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Born to Be King: Prince Charles on Planet Windsor by Catherine Mayer

Born to Be King: Prince Charles on Planet Windsor by Catherine Mayer

Author:Catherine Mayer [Mayer, Catherine]
Language: eng
Format: epub
Tags: Biography & Autobiography, Europe, Great Britain, Historical, Nonfiction, Presidents & Heads of State, Retail, Royalty
ISBN: 9781627794398
Google: h0REBQAAQBAJ
Barnesnoble:
Publisher: Henry Holt and Company
Published: 2015-02-17T05:00:00+00:00


CHAPTER 6

Helping and Hindering

“You need to listen to each other. It’s respect,” says team leader David Tovey. A girl raises her head from the table and stares at him with kohl-rimmed eyes. “I wasn’t talking,” she says. “I was sleeping. You lot are waking me up.”

That’s the central purpose of the twelve-week Team Program, the seventy-fourth run at this location, in Merton, South London, and of every program and project run by the Prince’s Trust: to wake people up, then to provide them with the tools to realize their potential. Seventeen-year-old Tanya Djemal knows that, even as she puts on her small show of defiance. She is beginning to think she might harbor ambitions in the longer term to go to college, she says in a voice so small that the whirr of an overheated computer threatens to drown her out. Her acting up in front of the group masks a crippling timidity that complicates one of the tasks the Trust has set participants: to secure a three-week work placement. The Team Program is aimed at sixteen- to twenty-five-year-old NEETs—the reductive acronym denotes young people Not in Education, Employment or Training; by the end of the course, they will hopefully be moving toward college, apprenticeship, or a job. Djemal recoils from the idea of interaction with children. Her work experience must involve “food or animals,” she says.

For her and the thousands of others who pass through the Prince’s Trust programs in Britain every year—58,804 in 2013–2014—the placement will provide a glimpse into a world that seemed beyond reach, in which life isn’t just about survival but holds the possibility of love and friendship and personal development and professional achievement. “I came to the Prince’s Trust to get a brighter future and to change my past,” says twenty-year-old Matt Jelinek, who spent the first half of his life in Poland and the second being bounced around the English education system and excluded from three schools. Everyone has different stories about how he or she arrived at the Prince’s Trust, but all the narratives describe alienation and exclusion.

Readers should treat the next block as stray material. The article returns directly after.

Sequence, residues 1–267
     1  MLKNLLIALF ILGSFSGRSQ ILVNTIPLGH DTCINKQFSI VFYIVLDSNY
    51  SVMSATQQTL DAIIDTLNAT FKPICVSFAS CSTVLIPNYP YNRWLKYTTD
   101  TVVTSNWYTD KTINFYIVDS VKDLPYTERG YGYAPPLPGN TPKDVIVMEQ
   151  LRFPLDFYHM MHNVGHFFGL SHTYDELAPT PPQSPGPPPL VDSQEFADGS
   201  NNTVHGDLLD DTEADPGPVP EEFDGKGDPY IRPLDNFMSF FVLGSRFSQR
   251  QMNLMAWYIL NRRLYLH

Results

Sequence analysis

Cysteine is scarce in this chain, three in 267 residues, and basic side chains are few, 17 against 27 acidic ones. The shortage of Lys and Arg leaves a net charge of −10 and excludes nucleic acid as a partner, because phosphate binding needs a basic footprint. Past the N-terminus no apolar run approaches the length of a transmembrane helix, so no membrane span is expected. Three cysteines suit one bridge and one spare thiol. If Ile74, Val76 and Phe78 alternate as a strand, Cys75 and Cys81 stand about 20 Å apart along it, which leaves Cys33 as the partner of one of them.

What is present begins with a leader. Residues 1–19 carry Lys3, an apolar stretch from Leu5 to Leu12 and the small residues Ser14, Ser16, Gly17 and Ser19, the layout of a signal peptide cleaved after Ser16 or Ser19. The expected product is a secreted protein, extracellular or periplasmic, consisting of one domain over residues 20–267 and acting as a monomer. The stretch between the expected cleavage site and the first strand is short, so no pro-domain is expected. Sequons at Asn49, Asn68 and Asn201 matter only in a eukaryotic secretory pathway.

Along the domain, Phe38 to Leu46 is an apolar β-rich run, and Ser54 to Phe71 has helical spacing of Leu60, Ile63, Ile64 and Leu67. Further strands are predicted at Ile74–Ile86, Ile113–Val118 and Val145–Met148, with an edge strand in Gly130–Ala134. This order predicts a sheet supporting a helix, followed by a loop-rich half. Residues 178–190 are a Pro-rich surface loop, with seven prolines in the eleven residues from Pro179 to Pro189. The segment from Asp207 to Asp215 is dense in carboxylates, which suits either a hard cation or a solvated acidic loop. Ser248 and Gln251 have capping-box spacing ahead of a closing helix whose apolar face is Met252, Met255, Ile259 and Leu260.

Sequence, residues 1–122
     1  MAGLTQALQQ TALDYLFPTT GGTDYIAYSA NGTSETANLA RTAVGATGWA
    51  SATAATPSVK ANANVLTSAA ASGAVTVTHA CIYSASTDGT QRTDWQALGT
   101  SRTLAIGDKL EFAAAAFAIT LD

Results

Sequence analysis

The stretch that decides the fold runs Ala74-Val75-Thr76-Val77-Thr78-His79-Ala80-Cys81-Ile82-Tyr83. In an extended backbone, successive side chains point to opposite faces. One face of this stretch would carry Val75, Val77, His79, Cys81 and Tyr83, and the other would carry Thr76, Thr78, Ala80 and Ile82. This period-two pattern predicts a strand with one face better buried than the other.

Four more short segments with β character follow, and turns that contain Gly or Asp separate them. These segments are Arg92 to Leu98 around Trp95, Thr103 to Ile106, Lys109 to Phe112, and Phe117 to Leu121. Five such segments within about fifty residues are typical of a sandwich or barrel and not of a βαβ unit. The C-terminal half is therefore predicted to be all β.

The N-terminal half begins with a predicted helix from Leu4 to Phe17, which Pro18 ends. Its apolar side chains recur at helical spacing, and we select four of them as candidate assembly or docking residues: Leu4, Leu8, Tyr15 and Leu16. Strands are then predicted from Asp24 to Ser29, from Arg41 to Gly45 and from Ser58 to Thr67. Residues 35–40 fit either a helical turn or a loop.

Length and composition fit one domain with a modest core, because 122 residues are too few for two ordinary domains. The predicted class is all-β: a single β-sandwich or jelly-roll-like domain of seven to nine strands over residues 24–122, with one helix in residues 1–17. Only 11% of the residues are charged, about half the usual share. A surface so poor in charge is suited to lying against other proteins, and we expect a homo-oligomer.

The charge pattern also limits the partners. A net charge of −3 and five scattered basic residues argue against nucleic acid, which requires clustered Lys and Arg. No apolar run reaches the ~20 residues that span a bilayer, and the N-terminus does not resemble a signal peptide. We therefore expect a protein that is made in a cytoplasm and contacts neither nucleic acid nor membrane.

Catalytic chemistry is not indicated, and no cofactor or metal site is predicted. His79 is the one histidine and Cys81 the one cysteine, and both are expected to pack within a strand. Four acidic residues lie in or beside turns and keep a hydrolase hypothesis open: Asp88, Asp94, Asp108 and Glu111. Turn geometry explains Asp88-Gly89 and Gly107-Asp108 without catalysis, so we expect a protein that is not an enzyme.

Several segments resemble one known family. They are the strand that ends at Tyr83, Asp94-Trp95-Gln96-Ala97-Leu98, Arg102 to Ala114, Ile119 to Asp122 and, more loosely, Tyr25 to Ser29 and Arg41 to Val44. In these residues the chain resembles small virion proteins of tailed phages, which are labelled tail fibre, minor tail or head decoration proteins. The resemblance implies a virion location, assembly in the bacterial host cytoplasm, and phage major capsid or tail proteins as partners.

Jelinek and Djemal and their fellow participants, encouraged by Tovey to function not as competing individuals but a cooperative unit, are beginning to taste the unfamiliar sweetness of belonging. Tovey has already helped them to bond during a week at an adventure center in the Peak District. For several of their number, it was the first time they ever ventured beyond city limits. Tovey, a former advertising executive who retrained as a teacher and Prince’s Trust Team Leader, laughs remembering the fascination sheep held for these children of grubby suburbia, then grows serious as he talks about a hike up the famous moorland plateau Kinder Scout and a tranquil moment with Jelinek as they stopped to admire the view. “Matt was telling me how amazing it was to get away from everything to center himself. If he gets nothing else from these 12 weeks, he’s got that.”

Not one among this recent intake to the Prince’s Trust has linked the organization to a real live Prince.



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